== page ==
Sharon Men Indicted for Tobacco Tax Fraud and Money Laundering
BOSTON – Two Sharon men were charged today in U.S. District Court in Boston in connection with illegally selling tobacco products and laundering the proceeds.
Muhammad Saleem Iqbal, 53, and Kaleem Ahmad, 47, were indicted on one count of wholesale tobacco tax fraud and one count of money laundering conspiracy.
The indictment alleges that Iqbal and a business partner operated a wholesale business under the name “Pick N Dip,” in Norwood that sold tobacco products, including cigars and smokeless tobacco (such as snuff and chewing tobacco), as well as other non-tobacco items, to convenience stores, gas stations and other retail businesses. Under state law, smokeless tobacco wholesalers must file an excise tax form monthly and pay a 210% excise tax on smokeless tobacco brought into Massachusetts. Cigar wholesalers must file an excise tax form quarterly and must pay a 40% excise tax on cigars brought into Massachusetts
It is alleged that in order to evade tobacco taxes, beginning around 2010, Iqbal, Ahmad and business partner repeatedly purchased tens of thousands of dollars at a time worth of smokeless tobacco and cigars in Pennsylvania where no taxes are imposed for these tobacco products. They then arranged to have these tobacco products covertly transported to Massachusetts for resale, without filing the records required by Massachusetts state law and federal law, and without paying excise taxes.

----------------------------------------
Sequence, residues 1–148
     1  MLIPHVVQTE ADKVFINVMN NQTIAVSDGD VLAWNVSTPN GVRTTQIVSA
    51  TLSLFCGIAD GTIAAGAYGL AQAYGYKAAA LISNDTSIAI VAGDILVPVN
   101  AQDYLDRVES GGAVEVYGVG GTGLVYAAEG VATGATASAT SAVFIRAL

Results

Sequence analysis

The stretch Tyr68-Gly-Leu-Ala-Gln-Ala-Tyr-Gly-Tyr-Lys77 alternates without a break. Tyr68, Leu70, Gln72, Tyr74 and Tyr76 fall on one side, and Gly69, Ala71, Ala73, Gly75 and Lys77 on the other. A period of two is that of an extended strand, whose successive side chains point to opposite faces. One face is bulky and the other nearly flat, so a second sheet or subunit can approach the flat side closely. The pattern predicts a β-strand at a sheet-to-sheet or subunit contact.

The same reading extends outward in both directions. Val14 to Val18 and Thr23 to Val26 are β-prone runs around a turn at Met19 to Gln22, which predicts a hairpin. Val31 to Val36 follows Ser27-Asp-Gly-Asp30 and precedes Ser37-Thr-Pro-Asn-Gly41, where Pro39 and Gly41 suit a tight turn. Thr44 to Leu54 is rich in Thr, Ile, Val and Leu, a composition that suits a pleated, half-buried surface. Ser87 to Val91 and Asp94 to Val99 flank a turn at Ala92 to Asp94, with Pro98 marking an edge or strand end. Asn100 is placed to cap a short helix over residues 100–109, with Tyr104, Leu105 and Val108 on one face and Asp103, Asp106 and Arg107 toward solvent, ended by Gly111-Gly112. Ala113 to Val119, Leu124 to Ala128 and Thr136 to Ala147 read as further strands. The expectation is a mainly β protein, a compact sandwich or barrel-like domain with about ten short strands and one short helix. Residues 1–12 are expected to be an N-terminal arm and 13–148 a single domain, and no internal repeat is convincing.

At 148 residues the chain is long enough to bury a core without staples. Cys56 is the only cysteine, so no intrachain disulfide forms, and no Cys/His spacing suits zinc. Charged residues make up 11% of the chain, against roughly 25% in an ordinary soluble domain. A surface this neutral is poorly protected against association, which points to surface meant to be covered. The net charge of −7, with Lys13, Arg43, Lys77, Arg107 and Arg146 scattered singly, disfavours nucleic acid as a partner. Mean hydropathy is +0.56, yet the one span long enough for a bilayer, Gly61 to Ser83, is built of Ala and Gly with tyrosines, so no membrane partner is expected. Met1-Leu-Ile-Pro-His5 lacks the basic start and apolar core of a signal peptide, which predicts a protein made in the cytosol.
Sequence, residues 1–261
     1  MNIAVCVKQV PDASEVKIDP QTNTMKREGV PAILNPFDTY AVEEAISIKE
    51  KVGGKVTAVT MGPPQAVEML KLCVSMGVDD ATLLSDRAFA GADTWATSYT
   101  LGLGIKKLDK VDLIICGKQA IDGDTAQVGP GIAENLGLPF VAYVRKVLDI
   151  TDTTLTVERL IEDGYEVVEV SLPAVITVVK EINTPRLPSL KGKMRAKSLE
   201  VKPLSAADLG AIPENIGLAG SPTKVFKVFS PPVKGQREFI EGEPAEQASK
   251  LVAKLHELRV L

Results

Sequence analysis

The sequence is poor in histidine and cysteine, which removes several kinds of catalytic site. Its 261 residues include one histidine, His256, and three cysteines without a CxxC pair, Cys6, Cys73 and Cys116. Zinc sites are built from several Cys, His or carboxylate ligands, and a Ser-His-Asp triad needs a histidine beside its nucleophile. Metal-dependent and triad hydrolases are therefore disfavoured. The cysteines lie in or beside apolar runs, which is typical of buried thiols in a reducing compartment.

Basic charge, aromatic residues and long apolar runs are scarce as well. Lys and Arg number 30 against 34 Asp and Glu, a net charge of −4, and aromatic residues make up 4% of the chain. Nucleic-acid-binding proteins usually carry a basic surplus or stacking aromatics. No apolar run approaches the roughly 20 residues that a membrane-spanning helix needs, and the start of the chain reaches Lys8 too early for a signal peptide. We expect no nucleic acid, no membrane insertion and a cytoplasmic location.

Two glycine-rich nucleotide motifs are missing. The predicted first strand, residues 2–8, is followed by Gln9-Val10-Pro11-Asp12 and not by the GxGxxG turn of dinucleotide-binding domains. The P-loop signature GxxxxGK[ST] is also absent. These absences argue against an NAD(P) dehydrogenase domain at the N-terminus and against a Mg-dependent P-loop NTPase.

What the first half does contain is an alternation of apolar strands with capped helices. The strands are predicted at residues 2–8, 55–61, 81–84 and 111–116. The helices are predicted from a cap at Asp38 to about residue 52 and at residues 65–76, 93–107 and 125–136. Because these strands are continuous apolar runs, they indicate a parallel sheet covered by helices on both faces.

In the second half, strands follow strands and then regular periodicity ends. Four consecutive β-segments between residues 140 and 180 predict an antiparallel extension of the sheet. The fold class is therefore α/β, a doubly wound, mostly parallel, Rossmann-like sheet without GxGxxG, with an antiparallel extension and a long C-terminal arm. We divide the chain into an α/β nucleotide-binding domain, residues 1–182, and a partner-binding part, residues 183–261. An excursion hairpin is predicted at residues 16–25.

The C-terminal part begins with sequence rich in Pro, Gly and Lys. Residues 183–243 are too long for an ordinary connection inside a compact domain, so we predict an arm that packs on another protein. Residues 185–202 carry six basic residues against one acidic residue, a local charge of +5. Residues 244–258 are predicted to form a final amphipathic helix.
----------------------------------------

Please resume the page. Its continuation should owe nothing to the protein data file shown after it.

Ahmad and others are alleged to have repeatedly engaged in large cash transactions in order to conceal and disguise the nature, location, source, ownership and control of the proceeds of their illegal tobacco business and to avoid transaction reporting requirements under federal and state law. The indictment alleges that Ahmad and others transported more than $50,000 in cash at a time from Massachusetts to Pennsylvania where the money was used to purchase additional untaxed smokeless tobacco and cigars.
The charges of wholesale tobacco tax fraud and money laundering conspirary each provide for a sentence of no greater than 20 years in prison, three years of supervised release and a fine of $250,000. Actual sentences for federal crimes are typically less than the maximum penalties. Sentences are imposed by a federal district court judge based upon the U.S. Sentencing Guidelines and other statutory factors.
United States Attorney Carmen M. Ortiz; William P. Offord, Special Agent in Charge of the Internal Revenue Service’s Criminal Investigations in Boston; and Harold H. Shaw, Special Agent in Charge of the Federal Bureau of Investigation, Boston Field Division, made the announcement today. The case is being prosecuted by Assistant U.S. Attorney Stephen P. Heymann of Ortiz’s Economic Crimes Unit.
The details contained in the Indictment are allegations. The defendant is presumed innocent unless and until proven guilty beyond a reasonable doubt in a court of law.